~ By Ceceilia Tso, Navajo Woman & Goddess Guide
It has always been part of my Native American culture to give thanks every day.
As a child, I didn’t really understand the meaning behind the dominant American culture’s holiday of Thanksgiving as portrayed in school and on television; the commercialization, the romanticized meaning behind the holiday. I didn’t understand why people would want to dress up and pretend to be something that they’re not; to honor a story that is untrue about the pilgrims and Indians.
For me, the best part of Thanksgiving was the way our families came together, united by our own traditional foods from our cultures.
However, the true story is much more gruesome. We were massacred by the millions and the land we inhabited was stolen. The treaties that were signed by our ancestors are the most disregarded treaties in this country.
The blatant disregard and oppression of the indigenous people persists today. It is fueled mostly by misinformation and the continued false narratives about us as people and our history. Thanksgiving is a prime example. I wonder, when will the history books be corrected and the full history be taught to us in school?
Did you know that we are the most stolen, raped, murdered and killed peoples in the United States? Four out of five Native women are affected by violence today and face murder rates that are 10 times the national average according to the US Department of Justice. There is a movement called the Missing and Murdered Indigenous Women (#MMIW) that has been happening for years in the United States and Canada.
Like my ancestors who were decimated by smallpox and other diseases, the current pandemic’s rate of infection is 3.5% higher than that of non-hispanic white persons. My nation, the Navajo Nation, alone has lost more than 600 tribal members.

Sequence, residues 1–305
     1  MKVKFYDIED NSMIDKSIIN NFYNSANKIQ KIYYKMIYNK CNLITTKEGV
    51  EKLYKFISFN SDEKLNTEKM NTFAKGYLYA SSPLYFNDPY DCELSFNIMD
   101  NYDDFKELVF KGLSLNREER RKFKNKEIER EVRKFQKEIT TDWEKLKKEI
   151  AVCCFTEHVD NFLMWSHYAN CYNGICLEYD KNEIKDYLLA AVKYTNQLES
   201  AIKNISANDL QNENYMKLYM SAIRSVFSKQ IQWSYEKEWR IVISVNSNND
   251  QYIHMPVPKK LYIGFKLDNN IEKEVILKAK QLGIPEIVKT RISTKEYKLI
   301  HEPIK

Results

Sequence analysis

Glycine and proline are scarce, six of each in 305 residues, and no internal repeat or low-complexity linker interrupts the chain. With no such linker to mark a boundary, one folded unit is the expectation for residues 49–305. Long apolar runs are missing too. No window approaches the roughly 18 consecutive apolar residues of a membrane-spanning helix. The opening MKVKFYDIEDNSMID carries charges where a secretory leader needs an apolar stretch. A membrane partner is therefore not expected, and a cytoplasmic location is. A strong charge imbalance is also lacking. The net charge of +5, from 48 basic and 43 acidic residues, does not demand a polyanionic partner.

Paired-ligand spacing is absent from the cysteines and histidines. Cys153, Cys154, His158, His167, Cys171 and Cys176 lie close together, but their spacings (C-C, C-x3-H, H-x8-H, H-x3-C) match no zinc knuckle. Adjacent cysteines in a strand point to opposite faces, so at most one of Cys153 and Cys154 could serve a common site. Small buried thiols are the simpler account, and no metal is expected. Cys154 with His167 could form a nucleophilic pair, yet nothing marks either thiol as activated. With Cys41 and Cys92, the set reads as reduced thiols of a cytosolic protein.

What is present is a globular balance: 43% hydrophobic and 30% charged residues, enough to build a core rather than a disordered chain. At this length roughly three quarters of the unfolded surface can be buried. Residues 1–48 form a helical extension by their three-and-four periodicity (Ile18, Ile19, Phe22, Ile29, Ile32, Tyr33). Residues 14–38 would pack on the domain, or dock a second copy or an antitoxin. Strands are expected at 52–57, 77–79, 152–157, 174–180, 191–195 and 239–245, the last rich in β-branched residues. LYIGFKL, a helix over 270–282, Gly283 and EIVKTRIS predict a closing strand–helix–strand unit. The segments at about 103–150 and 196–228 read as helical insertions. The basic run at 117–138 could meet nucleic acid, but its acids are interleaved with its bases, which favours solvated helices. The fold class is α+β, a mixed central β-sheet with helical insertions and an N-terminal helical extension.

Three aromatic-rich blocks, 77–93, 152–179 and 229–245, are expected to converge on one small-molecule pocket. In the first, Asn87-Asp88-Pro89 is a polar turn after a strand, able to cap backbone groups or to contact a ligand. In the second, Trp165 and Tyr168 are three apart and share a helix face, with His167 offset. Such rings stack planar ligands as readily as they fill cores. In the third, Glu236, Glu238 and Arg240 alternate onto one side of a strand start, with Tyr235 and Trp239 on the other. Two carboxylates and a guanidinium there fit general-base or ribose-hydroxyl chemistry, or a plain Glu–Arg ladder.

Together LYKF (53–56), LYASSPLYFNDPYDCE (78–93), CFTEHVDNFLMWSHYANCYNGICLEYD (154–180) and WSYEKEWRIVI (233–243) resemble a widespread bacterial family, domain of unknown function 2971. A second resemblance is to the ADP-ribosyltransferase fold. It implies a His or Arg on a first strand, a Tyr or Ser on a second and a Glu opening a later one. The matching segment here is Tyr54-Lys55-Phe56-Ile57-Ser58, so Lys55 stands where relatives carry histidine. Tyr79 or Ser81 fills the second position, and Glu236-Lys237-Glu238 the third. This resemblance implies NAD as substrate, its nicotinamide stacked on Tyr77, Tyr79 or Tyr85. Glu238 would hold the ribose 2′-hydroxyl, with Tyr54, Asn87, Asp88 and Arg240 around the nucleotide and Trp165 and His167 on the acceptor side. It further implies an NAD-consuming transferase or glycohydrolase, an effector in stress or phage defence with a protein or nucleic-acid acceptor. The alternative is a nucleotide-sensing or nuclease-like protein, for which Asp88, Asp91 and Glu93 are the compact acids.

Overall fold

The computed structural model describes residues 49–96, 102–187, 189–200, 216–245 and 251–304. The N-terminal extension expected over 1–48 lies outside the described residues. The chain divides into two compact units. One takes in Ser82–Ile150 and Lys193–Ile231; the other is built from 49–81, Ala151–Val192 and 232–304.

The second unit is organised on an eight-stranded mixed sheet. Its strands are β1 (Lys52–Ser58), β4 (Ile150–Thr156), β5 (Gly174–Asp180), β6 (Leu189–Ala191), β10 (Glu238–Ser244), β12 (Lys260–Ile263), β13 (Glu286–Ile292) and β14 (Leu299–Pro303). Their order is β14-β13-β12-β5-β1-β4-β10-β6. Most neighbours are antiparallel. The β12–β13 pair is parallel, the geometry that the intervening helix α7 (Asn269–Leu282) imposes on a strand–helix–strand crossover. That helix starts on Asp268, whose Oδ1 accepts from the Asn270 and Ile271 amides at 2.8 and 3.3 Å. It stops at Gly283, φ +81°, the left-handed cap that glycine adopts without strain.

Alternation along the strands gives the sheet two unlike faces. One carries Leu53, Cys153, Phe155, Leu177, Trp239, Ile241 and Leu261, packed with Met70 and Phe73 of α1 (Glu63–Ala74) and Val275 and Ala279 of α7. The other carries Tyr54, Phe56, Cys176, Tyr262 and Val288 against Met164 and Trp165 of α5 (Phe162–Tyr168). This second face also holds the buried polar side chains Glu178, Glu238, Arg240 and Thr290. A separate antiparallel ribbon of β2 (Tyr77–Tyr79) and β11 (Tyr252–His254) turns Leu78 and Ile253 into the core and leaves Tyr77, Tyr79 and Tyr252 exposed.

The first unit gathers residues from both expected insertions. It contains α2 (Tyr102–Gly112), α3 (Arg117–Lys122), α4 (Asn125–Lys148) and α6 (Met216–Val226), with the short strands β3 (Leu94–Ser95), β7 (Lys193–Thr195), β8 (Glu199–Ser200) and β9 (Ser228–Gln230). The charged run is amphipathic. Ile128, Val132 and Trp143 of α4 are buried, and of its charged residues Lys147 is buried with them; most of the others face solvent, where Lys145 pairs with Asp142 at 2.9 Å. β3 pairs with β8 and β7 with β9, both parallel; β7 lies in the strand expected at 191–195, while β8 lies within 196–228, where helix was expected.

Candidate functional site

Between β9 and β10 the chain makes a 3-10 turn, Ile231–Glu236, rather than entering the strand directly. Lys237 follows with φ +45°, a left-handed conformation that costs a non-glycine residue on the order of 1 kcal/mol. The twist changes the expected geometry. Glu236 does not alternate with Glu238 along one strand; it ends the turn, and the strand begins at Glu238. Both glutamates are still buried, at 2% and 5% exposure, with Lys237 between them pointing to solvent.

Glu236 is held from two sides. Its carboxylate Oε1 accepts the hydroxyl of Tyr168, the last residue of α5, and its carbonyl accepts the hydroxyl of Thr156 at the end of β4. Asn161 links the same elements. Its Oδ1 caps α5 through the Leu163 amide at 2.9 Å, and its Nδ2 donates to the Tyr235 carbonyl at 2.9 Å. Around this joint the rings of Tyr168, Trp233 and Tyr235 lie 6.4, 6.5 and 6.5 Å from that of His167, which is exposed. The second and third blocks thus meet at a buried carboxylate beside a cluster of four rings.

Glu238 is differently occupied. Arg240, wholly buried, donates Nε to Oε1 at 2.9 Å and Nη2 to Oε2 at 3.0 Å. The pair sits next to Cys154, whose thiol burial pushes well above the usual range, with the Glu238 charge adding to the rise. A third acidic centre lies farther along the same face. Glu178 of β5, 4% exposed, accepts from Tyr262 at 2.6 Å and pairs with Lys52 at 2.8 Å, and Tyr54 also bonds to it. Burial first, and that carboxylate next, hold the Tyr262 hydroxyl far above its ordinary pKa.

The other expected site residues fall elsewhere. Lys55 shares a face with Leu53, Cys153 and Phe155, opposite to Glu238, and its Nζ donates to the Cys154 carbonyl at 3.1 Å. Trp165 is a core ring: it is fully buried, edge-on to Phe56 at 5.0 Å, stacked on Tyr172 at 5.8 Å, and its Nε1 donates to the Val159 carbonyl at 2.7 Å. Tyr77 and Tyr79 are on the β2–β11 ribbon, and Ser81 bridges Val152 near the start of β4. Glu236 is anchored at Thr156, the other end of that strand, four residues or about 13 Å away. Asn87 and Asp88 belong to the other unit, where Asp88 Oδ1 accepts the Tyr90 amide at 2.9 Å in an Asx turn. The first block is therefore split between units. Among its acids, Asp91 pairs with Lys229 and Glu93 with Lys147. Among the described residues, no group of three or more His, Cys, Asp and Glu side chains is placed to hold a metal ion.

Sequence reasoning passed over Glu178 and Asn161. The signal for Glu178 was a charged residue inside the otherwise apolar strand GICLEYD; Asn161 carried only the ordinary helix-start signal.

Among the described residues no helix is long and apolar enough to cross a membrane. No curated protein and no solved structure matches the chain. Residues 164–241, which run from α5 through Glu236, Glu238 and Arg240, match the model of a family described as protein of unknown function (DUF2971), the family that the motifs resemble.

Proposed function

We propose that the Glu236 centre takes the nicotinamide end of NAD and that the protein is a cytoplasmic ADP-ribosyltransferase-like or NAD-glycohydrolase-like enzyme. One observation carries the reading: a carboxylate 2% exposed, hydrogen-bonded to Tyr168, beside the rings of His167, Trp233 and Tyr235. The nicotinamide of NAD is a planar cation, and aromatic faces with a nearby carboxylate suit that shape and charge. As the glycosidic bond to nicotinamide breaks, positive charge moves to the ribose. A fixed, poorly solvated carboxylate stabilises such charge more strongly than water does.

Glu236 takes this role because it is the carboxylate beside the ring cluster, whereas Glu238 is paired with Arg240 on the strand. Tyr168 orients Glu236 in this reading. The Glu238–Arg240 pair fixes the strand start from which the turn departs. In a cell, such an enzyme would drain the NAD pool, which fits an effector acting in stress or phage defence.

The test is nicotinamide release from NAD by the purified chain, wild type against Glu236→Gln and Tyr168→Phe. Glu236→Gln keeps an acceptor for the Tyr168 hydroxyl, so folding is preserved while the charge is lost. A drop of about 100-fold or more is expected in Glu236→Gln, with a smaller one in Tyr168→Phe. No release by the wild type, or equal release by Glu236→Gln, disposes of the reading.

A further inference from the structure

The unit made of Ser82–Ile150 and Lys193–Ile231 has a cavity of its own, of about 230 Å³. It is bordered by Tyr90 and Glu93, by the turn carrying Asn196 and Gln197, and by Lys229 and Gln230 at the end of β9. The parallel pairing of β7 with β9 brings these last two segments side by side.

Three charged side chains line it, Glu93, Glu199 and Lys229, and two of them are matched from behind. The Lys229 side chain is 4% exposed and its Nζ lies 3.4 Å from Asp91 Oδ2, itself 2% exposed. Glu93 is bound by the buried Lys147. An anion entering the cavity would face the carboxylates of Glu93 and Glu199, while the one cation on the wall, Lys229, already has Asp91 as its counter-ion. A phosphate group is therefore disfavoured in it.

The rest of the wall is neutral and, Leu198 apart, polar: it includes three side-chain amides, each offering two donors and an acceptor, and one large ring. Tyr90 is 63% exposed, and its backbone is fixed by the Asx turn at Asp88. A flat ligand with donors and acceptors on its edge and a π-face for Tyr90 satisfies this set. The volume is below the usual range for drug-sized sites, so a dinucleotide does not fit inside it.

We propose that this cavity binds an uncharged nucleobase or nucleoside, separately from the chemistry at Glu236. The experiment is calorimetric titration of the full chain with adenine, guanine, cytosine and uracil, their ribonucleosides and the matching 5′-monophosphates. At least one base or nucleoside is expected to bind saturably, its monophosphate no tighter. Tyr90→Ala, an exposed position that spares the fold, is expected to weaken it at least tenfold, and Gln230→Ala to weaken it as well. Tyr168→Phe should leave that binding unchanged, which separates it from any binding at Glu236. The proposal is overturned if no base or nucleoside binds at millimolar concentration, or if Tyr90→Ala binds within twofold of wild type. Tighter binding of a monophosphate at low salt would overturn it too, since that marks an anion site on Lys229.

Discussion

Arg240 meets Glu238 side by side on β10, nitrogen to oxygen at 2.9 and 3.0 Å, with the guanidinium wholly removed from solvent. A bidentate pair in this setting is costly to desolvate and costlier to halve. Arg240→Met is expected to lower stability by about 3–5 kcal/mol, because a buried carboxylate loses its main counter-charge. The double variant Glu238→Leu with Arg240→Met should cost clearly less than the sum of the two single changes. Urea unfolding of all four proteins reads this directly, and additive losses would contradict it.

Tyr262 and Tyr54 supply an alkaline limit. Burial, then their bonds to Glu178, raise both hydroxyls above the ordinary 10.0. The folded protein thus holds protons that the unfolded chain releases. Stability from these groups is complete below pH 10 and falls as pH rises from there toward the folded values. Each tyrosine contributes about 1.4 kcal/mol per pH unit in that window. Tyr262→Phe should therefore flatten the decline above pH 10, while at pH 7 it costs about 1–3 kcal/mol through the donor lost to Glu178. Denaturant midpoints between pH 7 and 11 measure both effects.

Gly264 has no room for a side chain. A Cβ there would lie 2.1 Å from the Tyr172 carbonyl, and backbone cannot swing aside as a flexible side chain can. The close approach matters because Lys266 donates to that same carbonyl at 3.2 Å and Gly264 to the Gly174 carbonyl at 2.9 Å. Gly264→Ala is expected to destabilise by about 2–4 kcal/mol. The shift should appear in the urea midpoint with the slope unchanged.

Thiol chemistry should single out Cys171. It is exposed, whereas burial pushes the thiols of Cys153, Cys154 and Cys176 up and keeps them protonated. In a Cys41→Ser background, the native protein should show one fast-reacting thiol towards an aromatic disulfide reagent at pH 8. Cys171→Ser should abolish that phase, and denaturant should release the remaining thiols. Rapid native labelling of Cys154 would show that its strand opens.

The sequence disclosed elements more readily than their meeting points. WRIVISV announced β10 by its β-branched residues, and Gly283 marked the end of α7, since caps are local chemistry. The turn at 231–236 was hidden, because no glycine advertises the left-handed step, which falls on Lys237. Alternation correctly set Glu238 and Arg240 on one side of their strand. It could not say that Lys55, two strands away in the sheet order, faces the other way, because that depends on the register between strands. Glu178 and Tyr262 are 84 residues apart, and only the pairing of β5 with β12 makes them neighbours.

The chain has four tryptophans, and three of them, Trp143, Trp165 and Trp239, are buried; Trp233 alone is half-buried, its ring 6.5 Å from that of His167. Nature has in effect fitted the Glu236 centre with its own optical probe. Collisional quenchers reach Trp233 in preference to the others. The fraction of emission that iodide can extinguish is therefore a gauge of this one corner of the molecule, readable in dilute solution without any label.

So rather than “celebrating a fictitious and romanticized story” we could first learn about the true story and then take a page from our neighbors to the north.
The First Nations people of Canada had a national public acknowledgement and apology from their federal government. This has never happened here in the USA, but it could. Canada, through the process of Peace and Reconciliation, is now taking steps to honor and acknowledge its First Nations people and their land.
That would be a day of Giving … acknowledging another’s pain and experience is one of the most profound gifts one can give.
As for me, today …
Thanksgiving Day, and everyday, I honor my people, the medicine people and our healers. I honor our elders, grandmothers, code talkers and military warriors. I honor our violated and abused women and children and our children who are given away or stolen. I honor our family members who persevered every day even when enduring oppression in this country. I honor my ancestors. Diné (Navajo – “The People” ), Navajo Nation, First Nations and all Indigenous people.
Ceceilia is a teacher, trainer and student of life. As the single mom of 2 grown children she is currently in the final stages of completing a Phd program and launching her consulting and leadership development practice.
Ceceilia had already developed herself as a trainer for Native and First Nation communities delivering the “Strengthening Families Program” healing families.